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latest coal settlement prices , courtesy of wolverine from the gcl thread.

Analysts were predicting a large price drop this year , but its looking quite good for

coal producers at the moment.




Semi Soft Coal - Very Firm

Contract Prices Settled - Annual contract coal prices for 2007/08 are more or less settled. Semi soft prices have proved extraordinarily robust.


Main Settlements Were - Thermal coal US$55.60/t (+$3); hard coking coal $97/t ($-18); semi hard US$70-73 ($-16); Low Vol PCI US$65-67 (unchanged). Smaller semi soft producers settled at around US$63 (+$5), but Rio Tinto and Xstrata are understood to be holding out for $64-65.


Lower Value Coking Coals Fared Well - Thus PCI and in particular semi soft coals achieved much better prices than hard coking coals. The premium of semi soft to thermal increased to US$9/t, from $5.50. Historically it has been $2.


Demand is the Driver - In Europe PCI ratios increased. In Korea non hard metallurgical coals now account for 20% of met coal consumption, up from 3% two years ago. In India and China, increased use of local semi soft coals reduced dependence on imported hard coking. In Japan, however, technical limitations restricted such a marked shift. The genesis of the switch goes back to 2005 when a near doubling of hard coking coal prices, and concerns about future availability, pushed steel mills to increase the consumption of alternatives.


A Permanent Shift - Probably not. The narrowing gap between hard coking prices may now reverse the trend.


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Do you believe that 2008/09 will be a prosperous year for coal, especially thermal coal and maybe even coking coal (mind you I am not an expert). Would you have any suggestions

as to what would be a good buy atm.???? http://www.sharescene.com/html/emoticons/unsure.gif

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In reply to: daggie on Thursday 20/09/07 05:32pm



I notice the volume/interest has been up the last week in coal stocks, but so also has just about everything as the market in general recovers.

I like the these for the immediate future going on TA.



Below is the rest of my coal watchlist. Not all are pure coal plays, but all do have coal interests. I like CEY mt, but better off waiting for the st retracement to end first.



I hold a couple of these atm

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In reply to: hungry on Friday 21/09/07 08:07am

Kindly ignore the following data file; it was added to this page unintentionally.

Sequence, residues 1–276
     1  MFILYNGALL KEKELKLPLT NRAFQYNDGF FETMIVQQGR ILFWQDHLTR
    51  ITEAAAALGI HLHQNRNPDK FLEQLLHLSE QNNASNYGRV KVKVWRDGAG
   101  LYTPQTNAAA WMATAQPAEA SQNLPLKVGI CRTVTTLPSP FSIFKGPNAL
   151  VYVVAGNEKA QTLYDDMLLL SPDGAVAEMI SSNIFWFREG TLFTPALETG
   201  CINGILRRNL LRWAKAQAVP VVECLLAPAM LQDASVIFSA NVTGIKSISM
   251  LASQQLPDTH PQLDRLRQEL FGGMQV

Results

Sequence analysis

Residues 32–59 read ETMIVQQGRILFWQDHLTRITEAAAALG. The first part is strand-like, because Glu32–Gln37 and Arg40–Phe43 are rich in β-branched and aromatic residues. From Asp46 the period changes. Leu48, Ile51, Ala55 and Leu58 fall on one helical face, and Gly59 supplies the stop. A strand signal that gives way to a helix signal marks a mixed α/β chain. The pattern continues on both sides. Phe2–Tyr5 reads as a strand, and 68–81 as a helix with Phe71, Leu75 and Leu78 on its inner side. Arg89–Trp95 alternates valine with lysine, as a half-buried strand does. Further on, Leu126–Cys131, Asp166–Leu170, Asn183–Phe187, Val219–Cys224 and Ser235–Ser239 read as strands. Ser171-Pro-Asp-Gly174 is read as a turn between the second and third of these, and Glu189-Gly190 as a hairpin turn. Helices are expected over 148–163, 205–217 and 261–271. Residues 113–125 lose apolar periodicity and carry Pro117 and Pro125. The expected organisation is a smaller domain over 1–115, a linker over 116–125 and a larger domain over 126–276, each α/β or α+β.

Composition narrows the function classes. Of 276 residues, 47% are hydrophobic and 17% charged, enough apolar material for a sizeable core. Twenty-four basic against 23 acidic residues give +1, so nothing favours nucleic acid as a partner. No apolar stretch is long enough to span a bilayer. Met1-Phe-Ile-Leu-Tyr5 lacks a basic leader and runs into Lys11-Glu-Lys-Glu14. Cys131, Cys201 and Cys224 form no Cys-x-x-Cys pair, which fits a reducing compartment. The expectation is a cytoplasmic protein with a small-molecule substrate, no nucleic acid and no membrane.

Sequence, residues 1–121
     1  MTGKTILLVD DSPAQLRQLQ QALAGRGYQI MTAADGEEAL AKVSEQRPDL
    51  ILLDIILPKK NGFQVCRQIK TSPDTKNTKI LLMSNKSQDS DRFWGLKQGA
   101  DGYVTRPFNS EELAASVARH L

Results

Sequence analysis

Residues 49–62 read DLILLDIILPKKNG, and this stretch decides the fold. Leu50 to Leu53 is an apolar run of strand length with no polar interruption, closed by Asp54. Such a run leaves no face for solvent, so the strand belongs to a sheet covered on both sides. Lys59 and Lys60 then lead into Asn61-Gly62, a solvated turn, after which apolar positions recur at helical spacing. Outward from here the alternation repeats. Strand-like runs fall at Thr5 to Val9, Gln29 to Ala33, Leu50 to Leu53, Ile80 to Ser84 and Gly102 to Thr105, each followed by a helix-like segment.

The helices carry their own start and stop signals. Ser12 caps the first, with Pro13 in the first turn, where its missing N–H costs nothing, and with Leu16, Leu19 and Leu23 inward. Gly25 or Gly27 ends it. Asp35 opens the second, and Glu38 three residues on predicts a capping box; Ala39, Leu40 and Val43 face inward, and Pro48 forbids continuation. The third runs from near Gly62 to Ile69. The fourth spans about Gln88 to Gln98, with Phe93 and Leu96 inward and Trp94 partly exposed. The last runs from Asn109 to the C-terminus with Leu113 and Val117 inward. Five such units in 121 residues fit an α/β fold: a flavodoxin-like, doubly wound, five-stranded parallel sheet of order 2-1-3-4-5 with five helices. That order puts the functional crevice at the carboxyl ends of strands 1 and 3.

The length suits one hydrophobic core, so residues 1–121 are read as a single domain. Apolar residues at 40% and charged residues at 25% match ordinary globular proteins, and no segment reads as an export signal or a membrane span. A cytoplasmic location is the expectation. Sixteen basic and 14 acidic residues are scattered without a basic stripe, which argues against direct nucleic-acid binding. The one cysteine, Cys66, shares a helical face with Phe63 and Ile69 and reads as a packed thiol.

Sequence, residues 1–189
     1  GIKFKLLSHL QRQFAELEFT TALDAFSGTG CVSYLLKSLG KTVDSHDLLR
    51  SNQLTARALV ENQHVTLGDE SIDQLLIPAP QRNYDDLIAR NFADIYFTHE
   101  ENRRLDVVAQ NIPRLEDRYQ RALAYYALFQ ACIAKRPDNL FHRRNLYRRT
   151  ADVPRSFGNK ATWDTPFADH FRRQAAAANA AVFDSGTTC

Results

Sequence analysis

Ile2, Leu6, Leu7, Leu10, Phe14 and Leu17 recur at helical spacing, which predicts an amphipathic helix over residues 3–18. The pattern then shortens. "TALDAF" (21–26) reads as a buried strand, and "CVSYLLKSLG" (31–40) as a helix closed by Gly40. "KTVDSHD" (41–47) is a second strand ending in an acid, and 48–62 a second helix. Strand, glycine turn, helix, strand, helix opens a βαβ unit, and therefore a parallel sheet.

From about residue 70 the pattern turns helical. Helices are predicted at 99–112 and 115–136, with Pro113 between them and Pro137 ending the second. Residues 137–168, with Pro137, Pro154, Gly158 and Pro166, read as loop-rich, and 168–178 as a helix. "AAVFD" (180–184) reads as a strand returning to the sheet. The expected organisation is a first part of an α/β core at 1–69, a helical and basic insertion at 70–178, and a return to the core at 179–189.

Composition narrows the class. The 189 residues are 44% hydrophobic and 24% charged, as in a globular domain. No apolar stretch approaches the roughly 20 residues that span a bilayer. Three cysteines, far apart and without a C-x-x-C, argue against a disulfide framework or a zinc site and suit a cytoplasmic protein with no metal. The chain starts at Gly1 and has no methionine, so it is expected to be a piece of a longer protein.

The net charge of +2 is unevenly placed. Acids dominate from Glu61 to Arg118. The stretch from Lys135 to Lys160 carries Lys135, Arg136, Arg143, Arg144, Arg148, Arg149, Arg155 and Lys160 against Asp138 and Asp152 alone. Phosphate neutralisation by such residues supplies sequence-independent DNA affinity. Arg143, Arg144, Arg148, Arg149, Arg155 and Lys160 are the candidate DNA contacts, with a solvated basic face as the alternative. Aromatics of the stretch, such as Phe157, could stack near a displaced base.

daggie, another to look at is GUJ in which a friendly takeover is occurring by INR . Well worth reading up on both.....cheers...plus I was told a trade of 5,000,000 or more shares went through at close but cant confirm that...cheers

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UPDATE 1-Xstrata fixes '08 coal contracts with Korean gencos


Thursday September 27, 2007, 6:44 pm





SYDNEY/SEOUL, Sept 27 (Reuters) - Xstrata Plc XTA.L, the world's largest thermal coal producer, has settled 2008 thermal coal supply contracts with two Korean utilities at prices nearly a third higher than a year ago, two sources said on Thursday.


State-owned utilities Korea South East Power Co (KOSEP) and Korea East West Power Co (KEWPO) have agreed to buy a total of 2.5 million tonnes of coal from Xstrata's New Lands coal mine at $68.50 a tonne and $65.50 a tonne for coal from Rolleston mine, they said.


The latest settlement price is up around 34 percent over the $51 a tonne paid for the previous year.


A growing supply squeeze in the Pacific market has forced Asian utilities to pay more for coal, which has seen its long-term contract prices jump as high as 34 percent and spot prices surge about 30 percent.


Expectations of a worsening supply shortage next year has also prompted Korean and Taiwan utilities to secure their 2008 supply contracts months ahead of traditional negotiation periods.


State-run Taipower has signed a string of long-term contracts ranging from six to 10 years to buy 17 million tonnes of thermal coal from Australian and Chinese suppliers, a company official said on Thursday. [iD:nSYD255742]


Industry sources said Xstrata's settlement at $68.50 a tonne was higher than rival Peabody's BTU.N and Rio Tinto Ltd (ASX: RIO.ax) RIO.L's agreed prices of about $66.50 because Xstrata's New Lands and Rolleston mines were in the northern state of Queensland, which gave buyers a freight advantage.



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